The challenges of Covid-19 have pushed us out of our personal and professional comfort zones. We have learned a lot about ourselves and about others during this time. As we enter 2021, we face the challenge of helping lead our industry through the transition – from the way things were, to the way things are, and to who we want to be moving forward. To be successful in this transition, a continued investment in ourselves and in each other is necessary. We can no longer just be experts in our field, but need to invest in ourselves, as people leaders, to build productive and healthy teams.
In the sports industry we rely on other people, from faculty members collaborating on research projects to practitioners working together to make sure a game happens. However, how do we ensure we are effective team members? As contrary as it sounds, it starts with self-understanding. We must be grounded in who we are and understand what we bring to the team. There are numerous self-assessments and personality profiles available, including CliftonStrengths, DiSC, and Myers Briggs Type Indicator (MBTI) to name a few. While there are differences in the assessments, what each of them brings is a level of self-awareness for individuals and an understanding of differences in others. As a certified MBTI practitioner, I’ve learned a lot about myself through the MBTI. For example, I know that I innately need to see the big picture in projects (this is identified as the intuition preference for MBTI). I also recognize that others see projects as steps in a sequential order (this is the sensing preference in the MBTI). This difference can be a major source of conflict when not understood. Team members can talk around each other, not understanding what the other is explaining, leading to frustration and a negative emotional response. However, when teams know each other’s preferences it becomes shared language and a strategy for utilizing each other’s strengths. By using a tool like the MBTI we can gain self-awareness and create a unified understanding of others as a first step in creating successful teams.
Considering most events in the sport industry occur under high stress, it’s important that we recognize the role of emotions, both in ourselves, and in our interactions with others. Emotional intelligence is an important skill required for productive teamwork. Defined as, “the ability to monitor one’s own and other’s feelings and emotions, to discriminate among them and to use this information to guide one’s thinking and actions” (Salovey & Mayer, 1990, p. 189), emotional intelligence recognizes the behavioral element of human interactions and the role emotions play in those interactions. Goleman and Boyatzis (2017) developed an emotional and social intelligence leadership competency model that identifies four domains of emotional intelligence: self-awareness, self-management, social awareness, and relationship management. The table below defines each domain and lists strategies to develop competencies in each.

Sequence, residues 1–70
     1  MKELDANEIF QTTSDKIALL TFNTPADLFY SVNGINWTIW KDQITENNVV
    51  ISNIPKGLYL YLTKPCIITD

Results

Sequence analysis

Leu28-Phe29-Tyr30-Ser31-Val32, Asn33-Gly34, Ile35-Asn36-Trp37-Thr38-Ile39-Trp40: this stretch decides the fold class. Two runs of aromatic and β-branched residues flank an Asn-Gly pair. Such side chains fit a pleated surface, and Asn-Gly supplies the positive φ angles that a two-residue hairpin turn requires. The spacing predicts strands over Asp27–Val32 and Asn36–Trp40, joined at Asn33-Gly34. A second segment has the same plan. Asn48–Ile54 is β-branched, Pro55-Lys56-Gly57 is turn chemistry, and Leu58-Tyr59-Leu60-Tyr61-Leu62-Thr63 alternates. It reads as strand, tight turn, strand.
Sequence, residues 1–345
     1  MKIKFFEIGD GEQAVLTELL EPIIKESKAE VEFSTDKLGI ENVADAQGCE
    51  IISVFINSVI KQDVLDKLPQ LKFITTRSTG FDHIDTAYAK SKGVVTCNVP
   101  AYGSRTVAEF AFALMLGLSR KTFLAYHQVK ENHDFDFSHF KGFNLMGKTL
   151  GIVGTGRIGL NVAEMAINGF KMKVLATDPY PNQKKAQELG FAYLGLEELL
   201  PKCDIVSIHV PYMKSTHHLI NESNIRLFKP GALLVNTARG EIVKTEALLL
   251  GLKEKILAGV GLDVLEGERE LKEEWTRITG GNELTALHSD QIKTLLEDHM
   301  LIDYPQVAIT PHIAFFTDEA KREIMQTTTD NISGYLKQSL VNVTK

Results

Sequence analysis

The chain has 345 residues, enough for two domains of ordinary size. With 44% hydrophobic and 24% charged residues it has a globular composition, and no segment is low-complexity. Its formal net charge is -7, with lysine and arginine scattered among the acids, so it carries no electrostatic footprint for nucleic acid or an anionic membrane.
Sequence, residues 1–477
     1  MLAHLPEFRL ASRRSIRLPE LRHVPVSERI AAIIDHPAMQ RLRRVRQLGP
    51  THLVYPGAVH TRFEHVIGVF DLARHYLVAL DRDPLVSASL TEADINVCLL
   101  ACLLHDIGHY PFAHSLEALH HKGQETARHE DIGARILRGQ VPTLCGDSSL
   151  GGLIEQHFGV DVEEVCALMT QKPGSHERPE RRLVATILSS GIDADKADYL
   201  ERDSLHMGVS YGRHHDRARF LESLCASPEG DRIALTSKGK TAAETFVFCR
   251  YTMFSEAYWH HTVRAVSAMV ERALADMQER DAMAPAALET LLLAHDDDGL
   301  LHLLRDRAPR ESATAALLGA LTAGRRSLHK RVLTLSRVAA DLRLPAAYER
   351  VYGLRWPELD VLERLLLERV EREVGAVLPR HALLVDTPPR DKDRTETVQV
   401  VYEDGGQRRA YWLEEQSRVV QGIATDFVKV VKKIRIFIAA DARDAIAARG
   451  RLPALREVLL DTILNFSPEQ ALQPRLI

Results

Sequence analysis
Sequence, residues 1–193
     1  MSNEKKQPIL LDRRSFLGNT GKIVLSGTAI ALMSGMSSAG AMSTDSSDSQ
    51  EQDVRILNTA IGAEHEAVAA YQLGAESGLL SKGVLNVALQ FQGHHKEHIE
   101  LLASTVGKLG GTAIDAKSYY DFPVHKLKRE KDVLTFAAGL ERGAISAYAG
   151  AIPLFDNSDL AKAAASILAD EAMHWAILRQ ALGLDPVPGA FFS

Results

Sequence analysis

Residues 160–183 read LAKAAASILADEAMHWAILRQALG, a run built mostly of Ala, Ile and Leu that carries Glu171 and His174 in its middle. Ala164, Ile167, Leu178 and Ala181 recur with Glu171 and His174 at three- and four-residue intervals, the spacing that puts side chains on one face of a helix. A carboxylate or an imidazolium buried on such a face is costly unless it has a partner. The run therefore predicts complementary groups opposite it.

|Self-awareness||“Here is what is going on”||Tune into your senses|
Recognize your triggers
|Self-management||“This is what I need to do”||Count to ten|
Pause before you respond
|Social awareness||“Accurately recognizing other’s emotions”||Practice empathy|
|Relationship management||“Utilizing my awareness to build relationships”||Have the tough conversations|
Acknowledge individual strengths
One of the simplest and most effective emotional intelligence strategies is the power of pausing before responding. Pausing engages our thinking brain, forcing us to respond consciously rather than emotionally. Additionally, pausing increases your ability to recognize your triggers and your emotional responses to those triggers. To build effective teams, we must acknowledge the role of emotions in our environments.
As an industry we will continue to face new challenges in 2021, but one constant will be the need for effective teamwork. Self-understanding (e.g., MBTI, etc.) and emotional intelligence can guide our industry as we continue to build effective teams.
Goleman, D., & Boyatzis, R.E. (2017, February 6). Emotional intelligence has 12 elements. Which do you need to work on? Harvard Business Review, 2-5
Salovey, P., & Mayer, J.D. (1990). Emotional intelligence. Imagination, Cognition, and Personality, 9, 185-211.